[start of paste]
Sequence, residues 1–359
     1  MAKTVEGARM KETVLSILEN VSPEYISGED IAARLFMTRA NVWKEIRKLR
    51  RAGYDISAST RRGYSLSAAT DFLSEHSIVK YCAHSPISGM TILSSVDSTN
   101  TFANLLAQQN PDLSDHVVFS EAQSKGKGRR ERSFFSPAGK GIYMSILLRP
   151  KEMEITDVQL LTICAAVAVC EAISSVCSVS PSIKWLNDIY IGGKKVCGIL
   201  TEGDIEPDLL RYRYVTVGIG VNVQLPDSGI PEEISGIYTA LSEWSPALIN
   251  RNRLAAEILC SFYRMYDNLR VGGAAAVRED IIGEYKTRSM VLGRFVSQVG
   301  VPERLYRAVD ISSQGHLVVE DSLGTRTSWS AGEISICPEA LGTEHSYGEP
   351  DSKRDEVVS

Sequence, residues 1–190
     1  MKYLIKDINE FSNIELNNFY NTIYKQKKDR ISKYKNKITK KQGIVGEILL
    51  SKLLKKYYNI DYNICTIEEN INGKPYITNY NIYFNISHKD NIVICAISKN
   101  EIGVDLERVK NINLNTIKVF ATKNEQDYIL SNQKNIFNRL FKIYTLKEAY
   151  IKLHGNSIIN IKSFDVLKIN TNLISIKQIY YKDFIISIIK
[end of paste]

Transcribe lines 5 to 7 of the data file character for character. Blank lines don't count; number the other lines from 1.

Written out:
   151  KEMEITDVQL LTICAAVAVC EAISSVCSVS PSIKWLNDIY IGGKKVCGIL
   201  TEGDIEPDLL RYRYVTVGIG VNVQLPDSGI PEEISGIYTA LSEWSPALIN
   251  RNRLAAEILC SFYRMYDNLR VGGAAAVRED IIGEYKTRSM VLGRFVSQVG